Saturday 12 March 2016


It's not obvious to all thinking people but it's obvious to me: chewing-gum is not water soluble. Maybe it's not obvious to thoughtless people. If you spit chewing-gum into a urinal, it stays there until somebody else takes it away. It's a galling indictment of the quality of the education that is being taken on board at The Institute, if chewing gum is routinely, regularly found in the urinal basins of the toilets nearest to the Science Faculty office. Weirdly, the company that cleans the toilets seem to be largely chewing-gum blind, so it is up to me to find a rubber glove and de-gob the bowls myself. Simple solution: takes 120 seconds. Lots of people I know seem to think that lard, butter and bacon fat are water-soluble. So they pop a greasy plate and a frying pan in the dishwasher and press the GO button. The dish-washer is the bane of kitchen thrift and mindfulness far more matériel gets used if you know the robot will wash it for you. Washing up is widely seen as a chore/ burden/ task/ horrible/t ime-wasting, but that is only in the mind, for me it's restful and great for warming the hands in a cold house. If you add some detergent and water and heat the stew of claggy pans and unfinished plates up to 80oC then the fat leaves the plate and goes  . . . somewhere. It goes about halfway along the sewer pipe until it gets cold enough to precipitate out in a clot like a coronary artery plaque. The next weekend's breakfast fat gets deposited in more or less the same place and soon the 100mm diameter foul-water pipe is almost blocked.  If it gets really blocked, the toilets back-up and you have to spend a fortune getting the drains reamed out by Dynarod Drane-Klene Inc. I was visiting a pal o'mino a tuthree years ago and found that the neighbours had rented a mini-digger and were digging up 20m of  foul-water pipe because the drain-rods weren't long enough to get things flowing again. They have been more careful of the fat burden since.

Having a self-contained water supply/treatment system is a) good because we don't have to pay Irish Water for the utility b) not-so-good because I have to clear any blockage. I don't mind getting my hands dirty but if possible I'd rather not spend Saturday up to my elbows in shite.  Sooooo, we clean the fat off the dishes and pans before we plunge them into the sink to wash them.  Newspaper will usually serve or a bit of toilet paper; we long ago stopped buying paper kitchen towel.  If the washing up has been really greasy, I tend to carry the bowl outside and fire the contents into the ditch rather than risk atherosclerosis of the drains.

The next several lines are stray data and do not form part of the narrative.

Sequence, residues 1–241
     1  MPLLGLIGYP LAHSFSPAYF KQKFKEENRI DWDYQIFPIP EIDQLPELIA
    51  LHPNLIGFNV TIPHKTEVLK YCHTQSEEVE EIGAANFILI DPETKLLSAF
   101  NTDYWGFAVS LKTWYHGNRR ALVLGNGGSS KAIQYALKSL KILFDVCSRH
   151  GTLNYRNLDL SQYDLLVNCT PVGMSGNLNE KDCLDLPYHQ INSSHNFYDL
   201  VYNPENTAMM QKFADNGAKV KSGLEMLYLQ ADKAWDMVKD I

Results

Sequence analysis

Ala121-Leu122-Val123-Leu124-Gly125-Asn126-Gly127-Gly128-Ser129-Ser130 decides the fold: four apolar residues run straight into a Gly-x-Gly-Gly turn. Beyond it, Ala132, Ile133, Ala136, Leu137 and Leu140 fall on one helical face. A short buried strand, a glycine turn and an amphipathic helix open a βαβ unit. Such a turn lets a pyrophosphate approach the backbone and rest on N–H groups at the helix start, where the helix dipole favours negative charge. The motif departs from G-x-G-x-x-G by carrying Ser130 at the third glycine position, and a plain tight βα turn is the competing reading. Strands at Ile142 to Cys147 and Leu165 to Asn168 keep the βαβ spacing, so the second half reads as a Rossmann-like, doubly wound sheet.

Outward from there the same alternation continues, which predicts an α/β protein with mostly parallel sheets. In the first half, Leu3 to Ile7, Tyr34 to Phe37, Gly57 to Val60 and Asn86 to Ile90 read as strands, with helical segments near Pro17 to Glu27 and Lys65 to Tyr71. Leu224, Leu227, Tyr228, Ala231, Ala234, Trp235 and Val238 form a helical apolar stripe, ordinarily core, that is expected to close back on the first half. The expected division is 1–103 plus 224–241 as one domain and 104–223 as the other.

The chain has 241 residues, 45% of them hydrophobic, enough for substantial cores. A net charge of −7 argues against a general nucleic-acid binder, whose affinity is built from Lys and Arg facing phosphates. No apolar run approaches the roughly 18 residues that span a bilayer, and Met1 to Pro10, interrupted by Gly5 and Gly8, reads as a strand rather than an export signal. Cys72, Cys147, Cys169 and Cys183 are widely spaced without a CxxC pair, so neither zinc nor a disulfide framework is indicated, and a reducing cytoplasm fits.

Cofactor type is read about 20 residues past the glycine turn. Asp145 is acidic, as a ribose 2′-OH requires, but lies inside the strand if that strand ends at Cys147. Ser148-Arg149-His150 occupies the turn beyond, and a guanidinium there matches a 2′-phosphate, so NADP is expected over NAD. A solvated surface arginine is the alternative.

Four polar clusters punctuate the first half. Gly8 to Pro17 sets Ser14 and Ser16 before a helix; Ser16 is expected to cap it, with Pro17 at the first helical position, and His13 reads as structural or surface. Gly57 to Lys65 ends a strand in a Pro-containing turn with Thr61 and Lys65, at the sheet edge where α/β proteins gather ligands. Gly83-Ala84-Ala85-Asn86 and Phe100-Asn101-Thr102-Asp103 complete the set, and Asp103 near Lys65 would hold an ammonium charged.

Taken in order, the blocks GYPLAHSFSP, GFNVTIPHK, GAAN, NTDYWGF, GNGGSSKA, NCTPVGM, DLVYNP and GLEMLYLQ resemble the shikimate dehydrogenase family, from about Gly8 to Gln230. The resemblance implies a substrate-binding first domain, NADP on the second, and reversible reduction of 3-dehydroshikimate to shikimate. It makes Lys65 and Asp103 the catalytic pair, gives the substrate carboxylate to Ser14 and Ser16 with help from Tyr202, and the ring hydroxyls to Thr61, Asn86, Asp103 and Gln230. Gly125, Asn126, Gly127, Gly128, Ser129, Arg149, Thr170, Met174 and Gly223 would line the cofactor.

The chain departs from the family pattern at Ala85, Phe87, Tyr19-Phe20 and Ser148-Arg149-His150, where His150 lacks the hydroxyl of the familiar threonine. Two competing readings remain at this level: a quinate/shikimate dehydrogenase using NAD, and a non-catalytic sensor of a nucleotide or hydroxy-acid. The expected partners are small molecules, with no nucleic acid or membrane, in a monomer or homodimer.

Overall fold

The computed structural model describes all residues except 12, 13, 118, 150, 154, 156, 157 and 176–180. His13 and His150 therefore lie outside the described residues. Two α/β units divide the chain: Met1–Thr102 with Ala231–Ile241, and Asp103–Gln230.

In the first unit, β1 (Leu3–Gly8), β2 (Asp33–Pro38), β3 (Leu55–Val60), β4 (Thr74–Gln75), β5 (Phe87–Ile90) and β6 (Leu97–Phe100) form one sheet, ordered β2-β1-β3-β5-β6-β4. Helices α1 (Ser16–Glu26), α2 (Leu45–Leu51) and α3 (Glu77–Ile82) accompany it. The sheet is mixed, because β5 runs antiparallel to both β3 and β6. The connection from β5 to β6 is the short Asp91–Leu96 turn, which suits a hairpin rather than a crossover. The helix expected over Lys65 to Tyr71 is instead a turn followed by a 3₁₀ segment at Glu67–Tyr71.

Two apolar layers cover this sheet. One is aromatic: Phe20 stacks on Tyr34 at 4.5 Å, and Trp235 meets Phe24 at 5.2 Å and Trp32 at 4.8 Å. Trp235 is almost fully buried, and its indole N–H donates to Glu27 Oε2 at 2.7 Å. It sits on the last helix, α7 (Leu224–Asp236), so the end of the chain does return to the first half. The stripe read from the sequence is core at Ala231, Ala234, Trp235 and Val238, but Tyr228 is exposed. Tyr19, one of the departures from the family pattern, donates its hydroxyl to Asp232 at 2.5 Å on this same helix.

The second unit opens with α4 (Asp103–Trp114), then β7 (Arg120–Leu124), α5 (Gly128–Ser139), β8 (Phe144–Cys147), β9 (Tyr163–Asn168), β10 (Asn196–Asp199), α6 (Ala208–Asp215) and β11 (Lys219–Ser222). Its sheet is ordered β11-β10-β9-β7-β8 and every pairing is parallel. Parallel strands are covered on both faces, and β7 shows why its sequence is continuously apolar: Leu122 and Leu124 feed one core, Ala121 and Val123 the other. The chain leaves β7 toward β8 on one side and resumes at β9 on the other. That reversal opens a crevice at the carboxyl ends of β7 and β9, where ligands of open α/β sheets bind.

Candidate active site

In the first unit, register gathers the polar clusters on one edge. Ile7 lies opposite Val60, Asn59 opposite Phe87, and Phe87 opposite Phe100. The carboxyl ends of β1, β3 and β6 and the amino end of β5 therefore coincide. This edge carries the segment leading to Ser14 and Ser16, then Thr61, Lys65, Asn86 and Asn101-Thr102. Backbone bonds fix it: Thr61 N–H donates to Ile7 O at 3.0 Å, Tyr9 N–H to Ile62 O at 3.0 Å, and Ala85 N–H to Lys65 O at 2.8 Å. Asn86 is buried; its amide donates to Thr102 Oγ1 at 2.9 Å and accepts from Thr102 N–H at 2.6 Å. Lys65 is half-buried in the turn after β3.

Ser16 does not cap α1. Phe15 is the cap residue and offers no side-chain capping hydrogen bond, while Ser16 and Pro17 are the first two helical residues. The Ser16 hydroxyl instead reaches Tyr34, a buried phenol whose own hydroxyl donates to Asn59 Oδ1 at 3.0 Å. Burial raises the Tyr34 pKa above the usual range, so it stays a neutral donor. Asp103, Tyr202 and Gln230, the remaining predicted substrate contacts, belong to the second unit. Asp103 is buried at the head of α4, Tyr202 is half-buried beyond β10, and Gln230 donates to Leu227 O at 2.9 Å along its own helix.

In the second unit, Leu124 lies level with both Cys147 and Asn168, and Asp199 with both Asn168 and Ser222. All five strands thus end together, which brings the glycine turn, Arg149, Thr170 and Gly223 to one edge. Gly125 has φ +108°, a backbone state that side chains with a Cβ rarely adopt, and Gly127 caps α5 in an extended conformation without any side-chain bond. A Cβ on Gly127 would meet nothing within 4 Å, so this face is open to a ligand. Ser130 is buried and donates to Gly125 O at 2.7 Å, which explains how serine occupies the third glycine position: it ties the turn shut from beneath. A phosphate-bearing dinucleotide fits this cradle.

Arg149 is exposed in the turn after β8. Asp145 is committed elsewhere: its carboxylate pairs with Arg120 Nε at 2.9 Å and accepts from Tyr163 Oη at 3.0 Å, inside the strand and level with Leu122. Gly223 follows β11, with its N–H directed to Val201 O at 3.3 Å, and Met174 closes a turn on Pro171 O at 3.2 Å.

There are, it seems, stupider things to send down the sewer system than a bit of fat, like a product called a flushable wet-wipe which is flushable but about as soluble as chewing gum. Young scientist Kian Hennessy did a research project on the things a tuthree years ago.  He put a selection of these plastiwipe things in water and shook it daily for many months and found that the wipes still had structural integrity . . . were still capable of snagging on a small protrusion in a pipe and serving as fat catcher. At about the same time, I wrote (somewhat skeptically about the maths) about the West London Fatberg "the size of a double-decker bus" that blocked the main sewer. Sewer-clogging wet-wipe worms [L from Australia] were in the news (and widely on the blogosphere) again recently.  The cost of cleaning this un-shit from the system should be laid at the doors [which are also likely to be designed for dysfunction] of the product engineers who create them - you have to own the consequences of your actions.

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